Jonathan Crowe

I’m a blogger and writer from Shawville, Quebec. I’m best known for DFL and The Map Room. Lately I’ve been reviewing science fiction at AE and editing a fanzine called Ecdysis. More about me.

My Correct Views on Everything

Kindle First Impressions

Ophiuchus and Serpens on Kindle The Kindle is half the size of my iPad. It’s also one-third the weight (241 g vs. 730 g). It’s quite easy to hold, and the e-ink is as readable as advertised. I hadn’t actually seen a Kindle before mine turned up last week, and this screen is better, I think, than the Sony e-reader screens, which I had seen before. I can easily see reading this thing for long periods of time.

Ergonomically it’s a bit of a mixed bag. E-ink notwithstanding, the Kindle’s text rendering falls short of the iPad’s iBooks app in a couple of ways: its always-on text justification is messy in places, and it doesn’t support hyphenation. And navigation is trickier than I’d like: I’m still getting used to going without a touchscreen. Anything other than page-turning is fiddly.

Buying books has always been easy: even when I was using the Kindle’s iPad app, I was impressed by how quickly purchased books turned up. I imagine buying from the Kindle itself will be easy enough as well. Selection and price via Amazon is substantially better for Canadians than via Apple’s iBooks, which has Canadian prices a buck or two higher than U.S. prices, even though the dollar is at par right now; books that are available in both stores in the U.S. are often available only via Amazon in Canada. And Amazon doesn’t charge any taxes at all.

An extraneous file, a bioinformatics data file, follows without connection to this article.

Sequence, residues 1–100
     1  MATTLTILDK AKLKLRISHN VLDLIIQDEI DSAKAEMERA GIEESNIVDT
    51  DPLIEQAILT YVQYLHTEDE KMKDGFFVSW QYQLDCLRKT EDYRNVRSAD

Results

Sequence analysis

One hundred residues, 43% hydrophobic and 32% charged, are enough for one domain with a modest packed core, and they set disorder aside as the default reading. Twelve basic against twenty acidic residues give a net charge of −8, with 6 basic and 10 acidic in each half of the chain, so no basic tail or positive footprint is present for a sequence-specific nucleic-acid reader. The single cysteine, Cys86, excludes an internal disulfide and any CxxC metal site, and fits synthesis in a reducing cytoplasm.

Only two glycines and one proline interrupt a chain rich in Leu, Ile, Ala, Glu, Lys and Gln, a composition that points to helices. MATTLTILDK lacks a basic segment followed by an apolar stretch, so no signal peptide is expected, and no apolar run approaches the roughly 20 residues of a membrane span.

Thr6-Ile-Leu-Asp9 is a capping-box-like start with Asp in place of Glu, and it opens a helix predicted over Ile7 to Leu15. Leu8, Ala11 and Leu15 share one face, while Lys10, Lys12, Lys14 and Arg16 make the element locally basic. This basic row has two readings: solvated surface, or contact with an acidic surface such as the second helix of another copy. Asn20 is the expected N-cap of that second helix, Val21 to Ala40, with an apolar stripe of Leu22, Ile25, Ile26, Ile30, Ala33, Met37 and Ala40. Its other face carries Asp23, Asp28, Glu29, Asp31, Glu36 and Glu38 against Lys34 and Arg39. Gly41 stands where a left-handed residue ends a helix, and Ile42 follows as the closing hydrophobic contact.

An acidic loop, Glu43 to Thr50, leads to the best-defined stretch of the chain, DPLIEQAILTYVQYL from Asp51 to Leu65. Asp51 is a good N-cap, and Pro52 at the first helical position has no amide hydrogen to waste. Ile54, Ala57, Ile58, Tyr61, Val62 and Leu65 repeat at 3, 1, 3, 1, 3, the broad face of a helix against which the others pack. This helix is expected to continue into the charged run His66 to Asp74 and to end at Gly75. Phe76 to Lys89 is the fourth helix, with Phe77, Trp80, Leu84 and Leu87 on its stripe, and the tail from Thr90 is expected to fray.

Adding Kindle-formatted content requires hooking up the Kindle to the computer via USB and treating it like a connected drive: you add files to the appropriate folder. Files added manually do not sync to other Kindle reading apps: only purchased Kindle content does that. It’s a little clunkier than adding epub files to iTunes, which at least allows for a central repository of e-books, whether purchased or imported, that gets synced to the iBooks app on all your devices.

So, so far: Amazon wins on screen readability, weight, and book selection and prices, as well as the as-yet-unmentioned-but-obvious battery life; Apple wins on text formatting, user interface, and library management. I expect to continue to use both for the foreseeable future.